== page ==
The SS El Faro investigation seemed open and shut. The Captain steered his vessel directly into the path of Hurricane Joaquin back in October 2015 after all.
“Not many of us thought the Marine Board of Investigation would last more than a couple weeks,” said one investigator.
A full two years later, the final report quietly made Coast Guard history. The conclusion certainly blamed the El Faro captain, but it also was highly critical of the Coast Guard itself, the ship owner and the private ship inspection service, The American Bureau of Shipping. For the first time in decades of debate, the Coast Guard reckoned with shortcomings in its inspection systems, shortcomings that here helped send the El Faro to the ocean floor.
One reason the investigation took that direction was the chair of the MBI, Captain Jason Neubauer, whose hallmark running the board was consistent courtesy to all — and a simultaneous, relentless pursuit of records, emails and inspection documents.
“If you just saw Captain Neubauer at the hearing and just judged him from that, you’d miss what really was going on,” said one participant in the hearings. “You are indeed looking at a calm duck moving smoothly on a calm pond seemingly without a care or bother in the world — but down below those feet are just paddling and paddling and paddling intensely.”
Captain Neubauer’s career largely has been spent conducting investigations and inspections. He was chief of the Office of Investigations & Analysis at Coast Guard Headquarters when he took over the El Faro hearing.
His assignment to chair a second major Marine Board of Investigation shows that the Coast Guard brass is signaling its seriousness of purpose by sending such a senior officer.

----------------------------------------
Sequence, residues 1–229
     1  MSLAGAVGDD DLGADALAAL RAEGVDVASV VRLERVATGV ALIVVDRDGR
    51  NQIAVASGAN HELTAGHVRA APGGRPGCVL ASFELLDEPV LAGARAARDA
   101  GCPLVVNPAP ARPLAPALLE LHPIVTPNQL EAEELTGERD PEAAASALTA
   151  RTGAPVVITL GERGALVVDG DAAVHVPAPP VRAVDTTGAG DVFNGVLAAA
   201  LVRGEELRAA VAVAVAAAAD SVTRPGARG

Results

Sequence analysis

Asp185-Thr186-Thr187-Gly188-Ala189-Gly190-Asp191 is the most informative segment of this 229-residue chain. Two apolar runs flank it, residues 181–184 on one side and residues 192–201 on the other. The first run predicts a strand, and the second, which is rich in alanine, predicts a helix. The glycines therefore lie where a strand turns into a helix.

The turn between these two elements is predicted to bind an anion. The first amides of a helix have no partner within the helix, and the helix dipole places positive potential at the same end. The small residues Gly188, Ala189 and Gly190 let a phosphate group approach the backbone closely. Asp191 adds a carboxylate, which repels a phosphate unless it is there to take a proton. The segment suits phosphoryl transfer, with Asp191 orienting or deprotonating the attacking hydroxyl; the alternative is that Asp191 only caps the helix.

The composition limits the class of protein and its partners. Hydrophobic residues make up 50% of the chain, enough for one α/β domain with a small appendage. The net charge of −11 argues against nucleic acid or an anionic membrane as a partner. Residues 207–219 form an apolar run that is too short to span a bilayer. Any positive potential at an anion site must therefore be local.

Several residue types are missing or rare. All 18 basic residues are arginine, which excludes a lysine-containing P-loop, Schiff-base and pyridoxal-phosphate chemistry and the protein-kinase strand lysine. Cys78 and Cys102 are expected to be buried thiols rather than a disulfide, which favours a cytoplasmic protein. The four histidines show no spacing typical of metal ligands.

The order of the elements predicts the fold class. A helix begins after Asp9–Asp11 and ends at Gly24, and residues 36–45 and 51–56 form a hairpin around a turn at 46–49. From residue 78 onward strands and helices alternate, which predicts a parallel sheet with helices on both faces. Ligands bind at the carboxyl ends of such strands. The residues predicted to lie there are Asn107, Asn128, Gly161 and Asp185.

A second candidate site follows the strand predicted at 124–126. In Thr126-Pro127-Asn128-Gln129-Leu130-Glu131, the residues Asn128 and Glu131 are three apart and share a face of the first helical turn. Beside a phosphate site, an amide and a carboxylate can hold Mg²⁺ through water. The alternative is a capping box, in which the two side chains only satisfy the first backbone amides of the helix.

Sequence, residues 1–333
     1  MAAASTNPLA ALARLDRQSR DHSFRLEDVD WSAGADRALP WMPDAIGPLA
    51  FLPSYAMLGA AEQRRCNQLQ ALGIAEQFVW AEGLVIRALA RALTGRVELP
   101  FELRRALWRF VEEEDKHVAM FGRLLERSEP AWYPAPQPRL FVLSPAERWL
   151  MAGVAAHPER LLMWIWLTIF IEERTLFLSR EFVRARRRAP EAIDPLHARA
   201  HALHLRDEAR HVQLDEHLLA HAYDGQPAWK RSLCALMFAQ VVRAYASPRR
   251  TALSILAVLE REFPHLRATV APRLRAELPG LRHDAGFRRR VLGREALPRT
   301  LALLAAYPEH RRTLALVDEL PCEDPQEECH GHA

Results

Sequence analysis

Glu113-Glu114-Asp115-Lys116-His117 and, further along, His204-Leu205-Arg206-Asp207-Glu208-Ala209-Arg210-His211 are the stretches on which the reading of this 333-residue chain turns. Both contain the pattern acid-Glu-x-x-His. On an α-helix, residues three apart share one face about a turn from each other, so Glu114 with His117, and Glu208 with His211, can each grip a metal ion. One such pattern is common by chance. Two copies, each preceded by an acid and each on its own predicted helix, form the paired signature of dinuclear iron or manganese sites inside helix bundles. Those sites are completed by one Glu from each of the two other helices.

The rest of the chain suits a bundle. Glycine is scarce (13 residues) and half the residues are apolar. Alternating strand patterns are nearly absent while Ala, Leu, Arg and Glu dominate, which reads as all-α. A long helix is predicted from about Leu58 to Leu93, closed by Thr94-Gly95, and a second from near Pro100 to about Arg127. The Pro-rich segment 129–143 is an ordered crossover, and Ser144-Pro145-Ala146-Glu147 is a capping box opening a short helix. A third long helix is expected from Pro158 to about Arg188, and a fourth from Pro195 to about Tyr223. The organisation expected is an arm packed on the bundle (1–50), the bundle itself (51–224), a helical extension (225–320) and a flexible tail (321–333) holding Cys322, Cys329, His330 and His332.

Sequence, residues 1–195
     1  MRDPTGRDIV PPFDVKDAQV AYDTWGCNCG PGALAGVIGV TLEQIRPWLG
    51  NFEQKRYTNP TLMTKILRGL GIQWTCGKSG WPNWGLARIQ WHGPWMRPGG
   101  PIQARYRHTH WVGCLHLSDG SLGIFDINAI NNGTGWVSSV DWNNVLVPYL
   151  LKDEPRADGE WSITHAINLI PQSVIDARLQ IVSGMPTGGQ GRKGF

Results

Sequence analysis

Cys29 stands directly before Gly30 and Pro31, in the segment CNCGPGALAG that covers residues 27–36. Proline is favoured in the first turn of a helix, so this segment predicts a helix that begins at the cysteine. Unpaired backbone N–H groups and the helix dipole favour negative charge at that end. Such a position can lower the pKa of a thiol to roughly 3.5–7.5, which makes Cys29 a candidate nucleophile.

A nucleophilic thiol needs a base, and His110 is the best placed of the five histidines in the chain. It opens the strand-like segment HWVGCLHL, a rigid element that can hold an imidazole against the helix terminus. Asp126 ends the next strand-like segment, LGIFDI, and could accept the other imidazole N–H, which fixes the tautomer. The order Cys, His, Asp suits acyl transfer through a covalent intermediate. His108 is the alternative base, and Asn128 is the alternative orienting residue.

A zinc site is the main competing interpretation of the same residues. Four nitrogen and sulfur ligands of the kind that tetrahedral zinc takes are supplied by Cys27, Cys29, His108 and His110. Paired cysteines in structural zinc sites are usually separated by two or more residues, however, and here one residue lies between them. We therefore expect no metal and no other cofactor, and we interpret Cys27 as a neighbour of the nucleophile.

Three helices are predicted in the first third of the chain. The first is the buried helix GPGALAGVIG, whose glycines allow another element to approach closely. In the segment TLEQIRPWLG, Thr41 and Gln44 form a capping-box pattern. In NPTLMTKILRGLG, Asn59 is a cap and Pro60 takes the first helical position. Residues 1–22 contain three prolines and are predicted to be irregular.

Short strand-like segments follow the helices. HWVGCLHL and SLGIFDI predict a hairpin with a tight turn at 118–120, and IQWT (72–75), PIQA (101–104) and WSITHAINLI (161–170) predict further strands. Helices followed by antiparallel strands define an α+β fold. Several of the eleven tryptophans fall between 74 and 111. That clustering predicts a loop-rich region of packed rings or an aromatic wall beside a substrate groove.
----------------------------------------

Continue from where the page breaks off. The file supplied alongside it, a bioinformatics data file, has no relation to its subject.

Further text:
The El Faro investigation, though one of the most important since the loss of the SS Marine Electric, contained very few dramatic moments such as those that marked the SS Marine Electric MBI.
In part that was because of the difference of eras. Testimony in the 1983 case of the Marine Electric was vital. But in the case of the El Faro, electronic records, emails and recordings sought out by the board provided a treasure trove for investigators.
“Probably what people are going to think on the first day of the hearing is that Captain Neubauer is the politest guy you’ll ever meet outside the Rotary Club,” said one observer of the El Faro hearing. “They’d be right about the politeness, that’s all real. But believe me, he’s not from the Rotary Club, he’s not here to give speeches, shake hands and leave after a nice lunch.”
Here are the deets on the captain’s career from official Coast Guard profiles.
Capt. Neubauer previously served as the commanding officer of Marine Safety Unit Chicago from July 2012 to July 2014, where he was responsible for prevention operations spanning 300 miles of Lake Michigan coast line and 180 miles of the Illinois River and its tributaries.
He also served as theprevention department chief and deputy commander at Coast Guard Sector Honolulu from July 2008 to June 2012,
where he was responsible for overseeing Coast Guard
operations throughout a 1.5 million square mile Captain of the Port Zone that includes the entire Hawaiian Islands and American Samoa.
Capt. Neubauer was commissioned as an ensign after graduating from the United States Coast Guard Academy in 1992 with a Bachelor of Science in marine engineering and naval architecture. After completing an initial marine inspection training tour in Seattle, he transferred to Marine Safety Office Morgan City from 1996-2000, where he inspected vessels supporting the offshore drilling industry and served for three years investigating a wide variety of marine casualties.
Capt. Neubauer also served as the supervisor of Marine Safety Detachment St. Paul, Minnesota, from August 2000 until June 2003. In St. Paul, he worked closely with the Army Corps of Engineers and the tug and barge industries that transport vital commerce on the Western rivers.